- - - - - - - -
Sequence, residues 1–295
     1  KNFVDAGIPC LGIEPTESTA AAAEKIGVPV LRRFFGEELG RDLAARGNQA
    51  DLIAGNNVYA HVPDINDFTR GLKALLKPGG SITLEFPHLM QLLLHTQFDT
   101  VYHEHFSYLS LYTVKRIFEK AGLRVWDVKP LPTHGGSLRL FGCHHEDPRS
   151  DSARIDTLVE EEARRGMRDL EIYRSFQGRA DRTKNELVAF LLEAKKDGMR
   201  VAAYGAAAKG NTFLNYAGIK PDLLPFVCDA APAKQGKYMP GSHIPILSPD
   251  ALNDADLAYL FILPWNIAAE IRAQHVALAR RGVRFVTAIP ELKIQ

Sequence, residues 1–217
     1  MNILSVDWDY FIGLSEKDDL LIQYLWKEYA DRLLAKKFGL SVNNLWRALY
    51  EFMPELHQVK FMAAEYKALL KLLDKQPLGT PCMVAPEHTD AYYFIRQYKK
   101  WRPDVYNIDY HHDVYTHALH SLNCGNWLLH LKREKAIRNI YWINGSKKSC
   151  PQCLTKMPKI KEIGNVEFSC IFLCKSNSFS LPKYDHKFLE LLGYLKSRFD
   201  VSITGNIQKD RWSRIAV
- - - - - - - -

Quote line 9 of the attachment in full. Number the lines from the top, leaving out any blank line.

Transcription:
     1  MNILSVDWDY FIGLSEKDDL LIQYLWKEYA DRLLAKKFGL SVNNLWRALY